2004 Audi A4 coolant

  • 2004 AUDI A4
  • 1.8L
  • 4 CYL
  • FWD
  • 96,578 MILES
I was running low on antifreeze so I got the green and put it in my car! I noticed the antifreeze wad orange before that and I've put green in every since. Could that hurt my car cause I notice it always needs antifreeze once a month and when I put it in, my rpms drop when I stop and my car dies. Its starts right back up. Also I notice its been smoking from under the hood and making a whistle/humming noise that kinda sounds like a siren at time but not as loud. What could this be. What do u recommend?
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have the same problem?
Sunday, October 19th, 2014 AT 4:42 AM

1 Reply

Recommend you stop ignoring all the warning signs before a minor problem turns expensive. Smoking from the engine coupled with regular coolant loss suggests there's a leak that could very likely be as simple as a loose hose clamp or as serious as a corroded cylinder head gasket. If the water pump is leaking and fails, repairs will be extremely expensive on any car. Repairs on Audis are usually double. On your engine the water pump is driven by the timing belt. Leakage usually occurs because the bearings are worn and they allow the shaft to move away from the seal. Once those bearings get bad enough, the timing belt will start to shred on one side until it breaks or falls off. Your engine is of the "interference" design meaning when the timing belt breaks, or even just jumps a few teeth, the open valves will be hit by the moving pistons as they coast to a stop, and they'll be bent. Replacing them requires removing the cylinder head, and that gets expensive.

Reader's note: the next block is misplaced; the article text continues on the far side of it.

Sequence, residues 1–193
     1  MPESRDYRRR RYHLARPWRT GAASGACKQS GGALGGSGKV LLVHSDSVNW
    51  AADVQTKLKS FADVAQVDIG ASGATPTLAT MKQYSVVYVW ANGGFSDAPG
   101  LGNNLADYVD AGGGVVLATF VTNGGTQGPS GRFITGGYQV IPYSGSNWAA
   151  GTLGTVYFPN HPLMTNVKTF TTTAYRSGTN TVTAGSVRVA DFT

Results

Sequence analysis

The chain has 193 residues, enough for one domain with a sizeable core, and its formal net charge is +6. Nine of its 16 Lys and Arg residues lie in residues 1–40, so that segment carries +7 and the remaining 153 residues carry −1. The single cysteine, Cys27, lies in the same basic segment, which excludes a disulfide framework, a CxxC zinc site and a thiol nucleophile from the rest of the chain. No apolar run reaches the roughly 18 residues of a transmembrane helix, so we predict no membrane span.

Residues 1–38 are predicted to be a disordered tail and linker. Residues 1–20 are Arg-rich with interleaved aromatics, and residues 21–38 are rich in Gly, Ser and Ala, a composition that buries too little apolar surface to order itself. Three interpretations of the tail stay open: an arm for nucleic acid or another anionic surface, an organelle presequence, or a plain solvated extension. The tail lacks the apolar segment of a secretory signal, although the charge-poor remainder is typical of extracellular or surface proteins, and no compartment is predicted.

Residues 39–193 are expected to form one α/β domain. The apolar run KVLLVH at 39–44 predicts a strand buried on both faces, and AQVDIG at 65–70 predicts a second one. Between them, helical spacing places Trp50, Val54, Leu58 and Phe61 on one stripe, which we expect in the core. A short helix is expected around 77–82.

At the mileage you listed the timing belt should have already been replaced as standard preventive maintenance. All conscientious mechanics who have your best interest at heart will want to replace the water pump too to insure the quality of the repair. If that work was done recently, it's likely your leak is less serious.

The first step is to determine the location of the leak. If you can't tell that by watching where the steam is coming from, a pressure test likely won't help either. Instead, add a small bottle of dark purple dye to the coolant, then search a day or two later with a black light. The dye will show up as a bright yellow stain that you can follow back to the source. Auto parts stores will have the dye, and those that rent or borrow tools will usually have a black light.

Once repairs are completed, your mechanic will flush the cooling system and put the right coolant in. Some manufacturers have gone to special formulas to try to solve corrosion problems, so it's not exactly the antifreeze that's different; it's the additives in it. Some additives do not mix well with others so using the wrong antifreeze can render some of them ineffective, and in some cases they'll turn into mud that can clog the heater core and radiator, and prevent it from flowing freely.
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Sunday, October 19th, 2014 AT 7:30 PM

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